Obstructive Sleep Apnea and Cancer: A Timeline Perspective
Sleep Apnea Rates Determined In a landmark study, participants were given sleep assessments. Results indicated 1 out of 15 Americans had symptoms of Obstructive Sleep Apnea (OSA), a percentage surprising many in the medical field at the time. The study’s participants, named the Wisconsin Sleep Cohort, are still being studied today. (1, 2)
Oxygen Affects Cancer Growth Researchers found skin cancer tumors developed at a quicker rate when deprived of normal amounts of oxygen. Supporting research indicated oxygen-deprived cancer cells created a substance that stimulated the growth of blood vessels feeding the cancer. Because OSA affects oxygen levels, scientists began considering the potential link between OSA and cancer. (1, 2, 5)
CPAP Therapy + Cancer Rates Intrigued by the potential connection to cancer, scientists retested the original Wisconsin Sleep Cohort. The follow-up showed the correlation between OSA and cancer was stronger in untreated OSA patients. These results suggest CPAP usage may reduce cancer rates because it helps prevent dips in oxygen levels. (1, 2, 4)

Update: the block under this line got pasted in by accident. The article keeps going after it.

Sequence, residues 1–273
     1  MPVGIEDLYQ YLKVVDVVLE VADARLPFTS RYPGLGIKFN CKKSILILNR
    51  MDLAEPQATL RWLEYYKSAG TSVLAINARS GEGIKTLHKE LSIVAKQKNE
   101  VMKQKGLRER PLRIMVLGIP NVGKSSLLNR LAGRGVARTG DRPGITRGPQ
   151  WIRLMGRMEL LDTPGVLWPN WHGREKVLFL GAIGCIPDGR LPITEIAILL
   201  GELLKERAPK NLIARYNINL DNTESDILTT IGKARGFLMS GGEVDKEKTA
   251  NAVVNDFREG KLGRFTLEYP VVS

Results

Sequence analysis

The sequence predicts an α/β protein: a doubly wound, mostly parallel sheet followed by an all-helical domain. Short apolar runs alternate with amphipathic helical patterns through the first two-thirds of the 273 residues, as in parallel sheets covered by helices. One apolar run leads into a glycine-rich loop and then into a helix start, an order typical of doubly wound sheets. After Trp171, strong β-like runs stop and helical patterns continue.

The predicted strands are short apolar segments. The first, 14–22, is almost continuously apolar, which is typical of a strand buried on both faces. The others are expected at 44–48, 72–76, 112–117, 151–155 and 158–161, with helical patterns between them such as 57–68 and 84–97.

OSA + Cancer Rates A large-scale study periodically measured blood oxygen levels in OSA patients over seven years. It found the lower overall oxygenation, the higher the risk of having cancer. Researchers infer that CPAP therapy would reduce cancer rates because it prevents periods of low oxygenation. (1, 2)
(1) “Sleep Apnea Linked to Higher Cancer Death Risk” - Serena Gordon. Philly.com, May 2012 (source).
(2) “Sleep Apnea Tied to Increased Cancer Risk ” - Anahad O’Connor. New York Times, May 2012 (source).
(3) “Rationale, Design, and Findings from the Wisconsin Sleep Cohort Study” - Terry Young. Sleep Medicine Clinics. 2009 (source).
(4) “Severe Sleep Apnea Tied to Cancer Risk.” - Nathan Seppa. Science News. May 2012 (source).
(5) “Treatment of Hypoxemia in Obstructive Sleep Apnea” - Friedman Landsberg. National Institutes of Health. 2002 (source).